Figure 3-3 Biological consequences o f melatonin reduction.

the female menstrual cycle and circadian rhythms. Melatonin secretion decreases over a lifetime, peaking in childhood and gradually lessening after puberty. Usually, people over sixty secrete far less than they do when young. Also, melatonin regulates sleep, mood, behavior, and gene expressions. It reduces secretion o f tumor-promoting hormones. It has the ability to increase cytotoxicity o f the immune system ’s killer lymphocytes; therefore, its production is essential for the immune system, which protects the body from infection and cancer cells. Various cancers might proliferate if melatonin is lowered in the body. Decreased melatonin levels have been implicated in breast cancer, prostate cancer, and ovarian malignancies. In brief, Figure 3-3 illustrates the consequences o f the melatonin reduction. It is known that melatonin is affected by light. This is evident from the fact that blind women typically have higher levels o f it than do sighted women. Also the incidence o f breast cancer is much less in blind women. Frequencies other than those o f light may have influence on the production o f melatonin in humans and animals. Scientists are interested in melatonin because it could help explain results o f some epidemiological studies. Baldwin et al. [65] have extensively discussed the hypothesis o f melatonin and its mechanism o f action. It has been shown to attenuate estrogen-induced proliferation o f breast cancer cells. Several laboratories have found melatonin reduction in cells, animals, and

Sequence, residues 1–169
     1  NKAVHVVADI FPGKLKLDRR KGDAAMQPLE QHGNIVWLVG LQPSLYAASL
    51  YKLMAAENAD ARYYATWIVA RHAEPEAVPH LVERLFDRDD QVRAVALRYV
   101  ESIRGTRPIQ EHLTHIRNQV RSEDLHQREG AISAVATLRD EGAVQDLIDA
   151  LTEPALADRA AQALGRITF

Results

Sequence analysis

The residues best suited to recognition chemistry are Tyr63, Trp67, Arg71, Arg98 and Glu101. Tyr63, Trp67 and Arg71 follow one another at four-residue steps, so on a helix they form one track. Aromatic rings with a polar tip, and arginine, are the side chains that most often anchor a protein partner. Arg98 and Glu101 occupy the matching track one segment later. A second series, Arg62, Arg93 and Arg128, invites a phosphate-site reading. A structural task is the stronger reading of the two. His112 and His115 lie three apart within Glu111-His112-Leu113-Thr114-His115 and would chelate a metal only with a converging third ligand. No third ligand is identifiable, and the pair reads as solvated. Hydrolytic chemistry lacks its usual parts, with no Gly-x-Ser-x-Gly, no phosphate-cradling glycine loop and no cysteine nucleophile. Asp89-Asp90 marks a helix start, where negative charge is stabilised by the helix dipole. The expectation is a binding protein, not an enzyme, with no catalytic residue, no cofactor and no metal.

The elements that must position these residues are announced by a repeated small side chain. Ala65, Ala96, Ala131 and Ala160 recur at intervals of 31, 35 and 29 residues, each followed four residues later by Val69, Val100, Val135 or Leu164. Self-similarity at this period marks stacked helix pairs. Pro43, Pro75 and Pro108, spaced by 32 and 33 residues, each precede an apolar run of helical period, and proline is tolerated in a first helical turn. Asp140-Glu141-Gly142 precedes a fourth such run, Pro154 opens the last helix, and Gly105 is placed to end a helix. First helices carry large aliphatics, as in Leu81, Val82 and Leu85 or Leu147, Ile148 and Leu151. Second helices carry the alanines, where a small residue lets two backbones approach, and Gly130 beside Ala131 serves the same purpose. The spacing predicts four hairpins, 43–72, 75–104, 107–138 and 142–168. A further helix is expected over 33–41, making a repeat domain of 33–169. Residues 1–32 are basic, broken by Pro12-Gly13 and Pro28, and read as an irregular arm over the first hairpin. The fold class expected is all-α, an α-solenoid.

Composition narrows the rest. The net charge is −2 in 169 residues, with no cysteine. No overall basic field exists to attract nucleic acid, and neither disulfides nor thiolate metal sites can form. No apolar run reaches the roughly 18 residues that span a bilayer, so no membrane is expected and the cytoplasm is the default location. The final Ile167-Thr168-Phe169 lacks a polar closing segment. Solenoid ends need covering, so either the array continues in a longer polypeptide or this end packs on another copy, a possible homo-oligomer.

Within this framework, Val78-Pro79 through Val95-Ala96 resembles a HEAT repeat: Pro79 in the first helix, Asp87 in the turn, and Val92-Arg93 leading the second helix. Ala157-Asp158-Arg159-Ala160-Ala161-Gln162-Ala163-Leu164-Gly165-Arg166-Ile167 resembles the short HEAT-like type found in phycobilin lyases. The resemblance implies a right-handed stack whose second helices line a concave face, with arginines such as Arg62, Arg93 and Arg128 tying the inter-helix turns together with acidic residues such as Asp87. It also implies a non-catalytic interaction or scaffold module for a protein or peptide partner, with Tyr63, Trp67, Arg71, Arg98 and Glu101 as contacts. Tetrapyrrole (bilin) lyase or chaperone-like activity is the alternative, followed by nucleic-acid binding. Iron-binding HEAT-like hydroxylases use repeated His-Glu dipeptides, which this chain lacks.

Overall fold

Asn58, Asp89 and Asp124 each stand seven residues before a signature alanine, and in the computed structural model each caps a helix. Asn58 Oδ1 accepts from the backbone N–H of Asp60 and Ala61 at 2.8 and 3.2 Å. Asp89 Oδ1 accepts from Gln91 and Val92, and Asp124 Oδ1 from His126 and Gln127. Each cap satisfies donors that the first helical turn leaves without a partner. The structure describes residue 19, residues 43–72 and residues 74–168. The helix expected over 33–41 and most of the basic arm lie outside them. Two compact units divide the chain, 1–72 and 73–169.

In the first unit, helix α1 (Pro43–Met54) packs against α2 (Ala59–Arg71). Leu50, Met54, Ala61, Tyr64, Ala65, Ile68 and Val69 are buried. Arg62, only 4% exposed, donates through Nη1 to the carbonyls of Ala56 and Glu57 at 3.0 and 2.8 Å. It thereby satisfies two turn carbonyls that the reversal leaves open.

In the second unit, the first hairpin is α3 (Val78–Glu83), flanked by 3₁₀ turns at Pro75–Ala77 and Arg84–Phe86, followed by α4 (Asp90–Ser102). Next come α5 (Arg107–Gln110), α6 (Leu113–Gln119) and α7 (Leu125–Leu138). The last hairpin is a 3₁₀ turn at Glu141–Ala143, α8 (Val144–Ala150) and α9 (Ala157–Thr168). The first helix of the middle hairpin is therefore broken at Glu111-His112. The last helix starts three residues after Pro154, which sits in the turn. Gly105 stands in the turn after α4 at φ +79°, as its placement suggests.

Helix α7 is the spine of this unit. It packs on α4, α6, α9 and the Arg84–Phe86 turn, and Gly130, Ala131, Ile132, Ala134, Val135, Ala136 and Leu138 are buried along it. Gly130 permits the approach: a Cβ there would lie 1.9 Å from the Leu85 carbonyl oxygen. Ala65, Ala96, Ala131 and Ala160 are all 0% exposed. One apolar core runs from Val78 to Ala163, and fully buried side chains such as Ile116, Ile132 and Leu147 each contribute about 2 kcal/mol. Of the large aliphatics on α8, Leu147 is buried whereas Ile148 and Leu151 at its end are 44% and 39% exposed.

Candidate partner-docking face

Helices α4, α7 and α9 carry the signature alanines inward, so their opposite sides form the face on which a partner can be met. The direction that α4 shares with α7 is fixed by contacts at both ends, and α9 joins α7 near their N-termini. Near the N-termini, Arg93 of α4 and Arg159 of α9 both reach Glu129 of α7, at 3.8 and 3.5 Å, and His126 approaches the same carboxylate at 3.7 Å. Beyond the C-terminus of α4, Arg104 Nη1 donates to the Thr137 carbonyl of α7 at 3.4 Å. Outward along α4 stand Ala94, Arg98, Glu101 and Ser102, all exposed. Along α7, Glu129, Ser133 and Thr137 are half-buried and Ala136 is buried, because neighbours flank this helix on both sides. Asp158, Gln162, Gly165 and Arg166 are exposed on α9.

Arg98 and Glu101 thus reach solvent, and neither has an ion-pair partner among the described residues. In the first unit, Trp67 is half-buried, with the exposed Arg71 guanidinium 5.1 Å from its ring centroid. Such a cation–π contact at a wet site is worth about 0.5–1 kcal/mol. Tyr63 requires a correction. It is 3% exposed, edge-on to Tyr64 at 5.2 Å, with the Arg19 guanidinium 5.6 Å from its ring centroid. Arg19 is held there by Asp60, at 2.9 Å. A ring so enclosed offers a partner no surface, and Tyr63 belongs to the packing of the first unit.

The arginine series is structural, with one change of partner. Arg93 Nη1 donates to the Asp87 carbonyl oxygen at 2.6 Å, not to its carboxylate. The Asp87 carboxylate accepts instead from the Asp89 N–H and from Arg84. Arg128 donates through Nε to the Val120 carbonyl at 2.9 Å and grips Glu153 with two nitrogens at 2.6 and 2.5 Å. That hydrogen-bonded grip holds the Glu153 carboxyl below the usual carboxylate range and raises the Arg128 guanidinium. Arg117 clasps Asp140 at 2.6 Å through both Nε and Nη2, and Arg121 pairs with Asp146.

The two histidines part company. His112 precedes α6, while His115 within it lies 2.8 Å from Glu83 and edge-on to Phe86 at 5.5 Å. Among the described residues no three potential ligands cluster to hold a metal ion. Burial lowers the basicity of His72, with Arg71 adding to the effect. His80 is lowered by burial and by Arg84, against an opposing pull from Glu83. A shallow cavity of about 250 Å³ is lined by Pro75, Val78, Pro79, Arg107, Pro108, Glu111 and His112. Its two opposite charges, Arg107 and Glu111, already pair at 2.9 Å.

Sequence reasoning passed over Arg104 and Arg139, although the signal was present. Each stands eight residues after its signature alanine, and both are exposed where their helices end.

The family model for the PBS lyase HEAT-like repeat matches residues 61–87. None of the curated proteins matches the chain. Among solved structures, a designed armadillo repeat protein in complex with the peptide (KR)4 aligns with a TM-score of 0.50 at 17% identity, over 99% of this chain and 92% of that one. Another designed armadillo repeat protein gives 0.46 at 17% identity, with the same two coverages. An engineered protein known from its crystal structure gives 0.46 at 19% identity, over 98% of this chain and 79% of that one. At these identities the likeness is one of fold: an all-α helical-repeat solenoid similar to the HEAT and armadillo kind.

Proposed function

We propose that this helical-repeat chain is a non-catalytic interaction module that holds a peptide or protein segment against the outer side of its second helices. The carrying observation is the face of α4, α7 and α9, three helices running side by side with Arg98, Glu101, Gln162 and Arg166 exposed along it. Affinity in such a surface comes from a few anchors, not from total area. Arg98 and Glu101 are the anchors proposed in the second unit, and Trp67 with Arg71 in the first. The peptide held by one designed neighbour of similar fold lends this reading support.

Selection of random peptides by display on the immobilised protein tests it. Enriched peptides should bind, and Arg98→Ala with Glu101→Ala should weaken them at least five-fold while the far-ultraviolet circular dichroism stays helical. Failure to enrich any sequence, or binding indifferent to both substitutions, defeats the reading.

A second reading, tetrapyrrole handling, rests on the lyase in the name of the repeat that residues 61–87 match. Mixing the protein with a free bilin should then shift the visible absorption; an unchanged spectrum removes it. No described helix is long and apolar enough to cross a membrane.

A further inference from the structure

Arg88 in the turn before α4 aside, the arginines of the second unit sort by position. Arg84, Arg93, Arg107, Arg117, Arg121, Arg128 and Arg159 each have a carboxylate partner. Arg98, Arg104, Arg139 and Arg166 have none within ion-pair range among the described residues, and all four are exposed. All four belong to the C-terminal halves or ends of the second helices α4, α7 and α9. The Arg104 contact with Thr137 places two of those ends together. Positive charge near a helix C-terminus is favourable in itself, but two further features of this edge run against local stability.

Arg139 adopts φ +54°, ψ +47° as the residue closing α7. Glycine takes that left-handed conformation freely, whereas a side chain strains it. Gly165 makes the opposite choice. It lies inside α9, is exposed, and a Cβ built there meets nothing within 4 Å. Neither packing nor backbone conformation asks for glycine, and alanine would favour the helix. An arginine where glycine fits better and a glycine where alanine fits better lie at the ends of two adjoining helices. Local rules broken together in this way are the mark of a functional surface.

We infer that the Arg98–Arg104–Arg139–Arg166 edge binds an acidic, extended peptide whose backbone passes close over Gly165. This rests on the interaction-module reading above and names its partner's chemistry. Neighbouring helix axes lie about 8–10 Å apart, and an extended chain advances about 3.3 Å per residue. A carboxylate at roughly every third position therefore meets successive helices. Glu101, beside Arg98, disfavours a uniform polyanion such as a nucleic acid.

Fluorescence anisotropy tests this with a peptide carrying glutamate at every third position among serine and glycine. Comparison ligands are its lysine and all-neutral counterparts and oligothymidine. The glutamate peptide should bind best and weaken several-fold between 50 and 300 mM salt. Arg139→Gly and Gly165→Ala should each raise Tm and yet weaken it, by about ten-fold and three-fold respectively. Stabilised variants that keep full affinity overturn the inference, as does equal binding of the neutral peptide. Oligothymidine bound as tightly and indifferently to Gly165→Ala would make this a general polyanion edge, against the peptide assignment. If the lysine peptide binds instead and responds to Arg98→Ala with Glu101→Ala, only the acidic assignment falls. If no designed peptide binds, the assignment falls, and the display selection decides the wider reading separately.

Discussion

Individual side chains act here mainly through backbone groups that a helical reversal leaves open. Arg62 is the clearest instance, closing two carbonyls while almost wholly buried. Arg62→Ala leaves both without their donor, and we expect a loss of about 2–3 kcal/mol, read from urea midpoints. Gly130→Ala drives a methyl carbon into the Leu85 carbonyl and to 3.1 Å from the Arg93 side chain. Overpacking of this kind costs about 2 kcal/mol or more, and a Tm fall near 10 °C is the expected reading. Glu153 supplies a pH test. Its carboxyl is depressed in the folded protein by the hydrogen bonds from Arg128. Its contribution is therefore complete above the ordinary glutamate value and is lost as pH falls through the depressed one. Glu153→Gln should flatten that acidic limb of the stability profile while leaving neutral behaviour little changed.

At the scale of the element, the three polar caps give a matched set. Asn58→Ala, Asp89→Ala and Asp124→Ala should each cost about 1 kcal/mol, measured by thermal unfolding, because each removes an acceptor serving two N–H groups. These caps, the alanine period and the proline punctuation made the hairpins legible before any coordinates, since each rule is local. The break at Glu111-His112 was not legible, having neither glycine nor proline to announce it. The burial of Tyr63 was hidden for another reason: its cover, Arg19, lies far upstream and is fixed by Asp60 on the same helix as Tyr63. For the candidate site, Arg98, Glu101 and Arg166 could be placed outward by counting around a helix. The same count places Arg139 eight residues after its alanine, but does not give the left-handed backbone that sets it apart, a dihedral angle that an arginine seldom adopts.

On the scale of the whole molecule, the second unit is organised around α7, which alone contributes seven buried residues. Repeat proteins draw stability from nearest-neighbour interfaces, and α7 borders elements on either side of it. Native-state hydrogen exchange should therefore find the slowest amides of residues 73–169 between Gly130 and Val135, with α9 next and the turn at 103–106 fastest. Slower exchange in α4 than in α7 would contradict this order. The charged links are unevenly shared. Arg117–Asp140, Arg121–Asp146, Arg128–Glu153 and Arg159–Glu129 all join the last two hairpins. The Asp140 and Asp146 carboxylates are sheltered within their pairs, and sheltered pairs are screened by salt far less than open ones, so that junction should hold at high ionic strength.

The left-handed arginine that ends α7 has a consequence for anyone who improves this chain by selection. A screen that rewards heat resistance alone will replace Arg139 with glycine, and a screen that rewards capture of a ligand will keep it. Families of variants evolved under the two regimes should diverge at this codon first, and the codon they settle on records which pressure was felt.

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humans exposed to ELF fields. The effect varies according to the period of exposure and strength o f ELF fields. In 1987, Stevens [66] found reductions in the melatonin production by the pineal gland and therefore suppression in the development o f breast cancer due to ELF field exposure. In 1993, Blask et al. [67] first reported that physiological levels o f melatonin reduce MCF-7 human breast cancer cell growth. Liburdy et al. [68] indicated that melatonin reduces the growth rate o f human breast cancer cells in culture, but a 12-mG (60 Hz) magnetic field can block the ability o f melatonin to inhibit breast cancer cell growth. Selmaoui and Touitou [69] conducted a study on rats exposed to 50 Hz fields at 1, 10, and 100 pT for 12 hours, or for 30 days at 18 hours/day. Decreased m elatonin was observed for 30-day exposures at 10 and 100 pT (about 40% decrease), and 12-hour exposure at 100 pT (about 20% decrease). No effects were observed at 1 pT. Harland et al. [70] defined the parameters by which a 12 mG 60-Hz magnetic field blocks the inhibitory action o f melatonin. They found that a 12-mG field could reduce the growth inhibitory action o f melatonin on human breast cancer cells in culture. Results from five cellular studies, conducted in three major laboratories, using hum an breast cancer cell cultures, have shown that low-level power-line frequency magnetic fields in the order o f 12 mG can block m elatonin’s ability to suppress breast cancer cells [71]. In contrast, Rogers et al. [72, 73] exposed baboons to 60 Hz fields at 6 kV/m plus 50 pT or at 30 kV/m and 100 pT (12 hours per day for 6 weeks). They noticed no evidence o f any effect on melatonin levels. Loscher et al. [74] studied the ability o f a 100-pT (50 Hz) magnetic field to reduce nocturnal production o f melatonin after various exposure periods ranging from 1 day to 13 weeks. No consistent effect o f ELF exposure was found. John et al. [75] exposed groups o f eight adult male rats to a 1-mT linearlypolarized 60 Hz magnetic field for 20 hours per day for 10 days, or to 1 mT intermittently (1 minute on, 1 minute off) o f a linearly-polarized 60-Hz magnetic field for 20 hours per day beginning 1 hour before darkness for two days. Urine was collected at 2-hour intervals. The circadian profile o f urinary 6sulfatoxymelatonin was examined before, during, and after exposure. No significant effect on excretion was observed during the exposure. In 2000, Graham et al. [76] found no effects on melatonin levels among young men volunteers exposed on 4 continuous nights to 60-Hz fields at 28.3 pT.